Purpose: To determine the role of the scatter grid in digital full-field mammography with respect to image quality and dose and to compare the experimental results with initial clinical experience. Materials and Methods: A phantom consisting of 205 fields that enclose gold dots of different thickness and size (CD-Mam phantom, Medical Department, Nijmegen, Netherlands) was used for digital full-field mammography with the conventional grid module and a special gridless module. Four different breast thicknesses were simulated using Plexiglas as scatter material. First, the phantom was exposed at the parameter and dose settings automatically selected in each experimental setup (with and without grid). Subsequently, the phantom was exposed at the different simulated breast thicknesses using the gridless module in combination with the parameters automatically selected for the grid module. This was followed by a series of phantom mammograms obtained with the experimental setup reversed. The 16 mammograms were evaluated by 3 readers and the results compared considering breast thickness, radiation dose, and quality. The gridless module was used for preoperative labeling in 16 patients for comparison of mammograms obtained with and without a grid. Results: For the same entrance dose used in routine mammography, digital mammography without grid is superior to digital mammography with grid when performed on simulated thin breasts (Plexiglas less than 3 cm), with no difference found when performed on simulated large breasts. The advantages of gridless mammography are more pronounced at a markedly reduced entrance dose (identical parenchymal dose without and with grid using the dose automatically selected for the gridless module). This tendency is confirmed by the initial clinical comparison. (orig.) [de

  8. A randomized controlled trial of Human Papillomavirus (HPV) testing for cervical cancer screening: trial design and preliminary results (HPV FOCAL Trial)

    International Nuclear Information System (INIS)

    Ogilvie, Gina S; Cook, Darrel A; Mei, Wendy; Stuart, Gavin CE; Franco, Eduardo L; Coldman, Andrew J; Niekerk, Dirk J van; Krajden, Mel; Martin, Ruth E; Ehlen, Thomas G; Ceballos, Kathy; Peacock, Stuart J; Smith, Laurie W; Kan, Lisa

    2010-01-01

    In the HPV FOCAL trial, we will establish the efficacy of hr-HPV DNA testing as a stand-alone screening test followed by liquid based cytology (LBC) triage of hr-HPV-positive women compared to LBC followed by hr-HPV triage with ≥ CIN3 as the outcome. HPV-FOCAL is a randomized, controlled, three-armed study over a four year period conducted in British Columbia. It will recruit 33,000 women aged 25-65 through the province's population based cervical cancer screening program. Control arm: LBC at entry and two years, and combined LBC and hr-HPV at four years among those with initial negative results and hr-HPV triage of ASCUS cases; Two Year Safety Check arm: hr-HPV at entry and LBC at two years in those with initial negative results with LBC triage of hr-HPV positives; Four Year Intervention Arm: hr-HPV at entry and combined hr-HPV and LBC at four years among those with initial negative results with LBC triage of hr-HPV positive cases To date, 6150 participants have a completed sample and epidemiologic questionnaire. Of the 2019 women enrolled in the control arm, 1908 (94.5%) were cytology negative. Women aged 25-29 had the highest rates of HSIL (1.4%). In the safety arm 92.2% of women were hr-HPV negative, with the highest rate of hr-HPV positivity found in 25-29 year old women (23.5%). Similar results were obtained in the intervention arm HPV FOCAL is the first randomized trial in North America to examine hr-HPV testing as the primary screen for cervical cancer within a population-based cervical cancer screening program. International Standard Randomised Controlled Trial Number Register, ISRCTN79347302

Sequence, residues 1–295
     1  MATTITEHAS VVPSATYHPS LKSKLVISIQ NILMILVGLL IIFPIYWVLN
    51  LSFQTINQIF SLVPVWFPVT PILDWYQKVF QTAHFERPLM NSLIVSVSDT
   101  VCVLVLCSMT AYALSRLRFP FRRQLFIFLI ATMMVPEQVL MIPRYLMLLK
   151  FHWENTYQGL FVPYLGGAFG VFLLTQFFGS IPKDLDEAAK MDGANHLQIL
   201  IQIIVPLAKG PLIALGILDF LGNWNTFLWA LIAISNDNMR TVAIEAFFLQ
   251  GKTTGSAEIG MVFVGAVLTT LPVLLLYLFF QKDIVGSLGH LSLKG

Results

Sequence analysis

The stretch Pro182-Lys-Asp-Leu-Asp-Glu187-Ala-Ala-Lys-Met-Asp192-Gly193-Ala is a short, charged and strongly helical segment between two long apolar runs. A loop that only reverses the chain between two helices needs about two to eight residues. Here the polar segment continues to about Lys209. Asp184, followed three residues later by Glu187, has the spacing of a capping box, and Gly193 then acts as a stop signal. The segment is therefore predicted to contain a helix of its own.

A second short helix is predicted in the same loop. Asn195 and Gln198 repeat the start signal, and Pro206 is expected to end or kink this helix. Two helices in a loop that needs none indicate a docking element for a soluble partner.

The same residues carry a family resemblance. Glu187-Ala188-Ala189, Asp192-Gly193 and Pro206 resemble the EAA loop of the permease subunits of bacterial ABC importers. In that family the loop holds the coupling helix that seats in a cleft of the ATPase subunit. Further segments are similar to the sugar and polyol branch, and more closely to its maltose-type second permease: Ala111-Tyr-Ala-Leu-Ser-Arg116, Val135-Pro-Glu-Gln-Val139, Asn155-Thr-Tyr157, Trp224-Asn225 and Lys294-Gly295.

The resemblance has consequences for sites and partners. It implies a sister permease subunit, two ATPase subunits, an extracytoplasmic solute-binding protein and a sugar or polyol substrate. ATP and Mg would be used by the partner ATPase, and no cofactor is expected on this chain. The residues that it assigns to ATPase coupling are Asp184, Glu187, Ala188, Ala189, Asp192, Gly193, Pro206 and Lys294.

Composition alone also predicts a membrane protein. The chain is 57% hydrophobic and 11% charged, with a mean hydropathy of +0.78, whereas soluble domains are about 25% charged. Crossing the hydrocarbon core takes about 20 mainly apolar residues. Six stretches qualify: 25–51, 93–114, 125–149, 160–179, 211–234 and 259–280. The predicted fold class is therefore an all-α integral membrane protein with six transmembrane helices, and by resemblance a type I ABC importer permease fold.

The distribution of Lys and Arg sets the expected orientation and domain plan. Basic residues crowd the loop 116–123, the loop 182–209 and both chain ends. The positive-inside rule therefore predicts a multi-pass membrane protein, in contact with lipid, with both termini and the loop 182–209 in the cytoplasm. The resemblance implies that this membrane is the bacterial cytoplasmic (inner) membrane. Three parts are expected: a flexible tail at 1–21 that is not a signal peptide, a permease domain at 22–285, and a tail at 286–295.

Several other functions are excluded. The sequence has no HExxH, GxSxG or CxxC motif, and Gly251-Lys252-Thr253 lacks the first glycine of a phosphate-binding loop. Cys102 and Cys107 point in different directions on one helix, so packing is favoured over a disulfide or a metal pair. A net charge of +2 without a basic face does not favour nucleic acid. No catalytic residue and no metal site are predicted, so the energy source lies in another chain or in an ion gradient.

9. The trials methodological research agenda: results from a priority setting exercise

    Science.gov (United States)

    2014-01-01

    Background Research into the methods used in the design, conduct, analysis, and reporting of clinical trials is essential to ensure that effective methods are available and that clinical decisions made using results from trials are based on the best available evidence, which is reliable and robust. Methods An on-line Delphi survey of 48 UK Clinical Research Collaboration registered Clinical Trials Units (CTUs) was undertaken. During round one, CTU Directors were asked to identify important topics that require methodological research. During round two, their opinion about the level of importance of each topic was recorded, and during round three, they were asked to review the group’s average opinion and revise their previous opinion if appropriate. Direct reminders were sent to maximise the number of responses at each round. Results are summarised using descriptive methods. Results Forty one (85%) CTU Directors responded to at least one round of the Delphi process: 25 (52%) responded in round one, 32 (67%) responded in round two, 24 (50%) responded in round three. There were only 12 (25%) who responded to all three rounds and 18 (38%) who responded to both rounds two and three. Consensus was achieved amongst CTU Directors that the top three priorities for trials methodological research were ‘Research into methods to boost recruitment in trials’ (considered the highest priority), ‘Methods to minimise attrition’ and ‘Choosing appropriate outcomes to measure’. Fifty other topics were included in the list of priorities and consensus was reached that two topics, ‘Radiotherapy study designs’ and ‘Low carbon trials’, were not priorities. Conclusions This priority setting exercise has identified the research topics felt to be most important to the key stakeholder group of Directors of UKCRC registered CTUs. The use of robust methodology to identify these priorities will help ensure that this work informs the trials methodological research agenda, with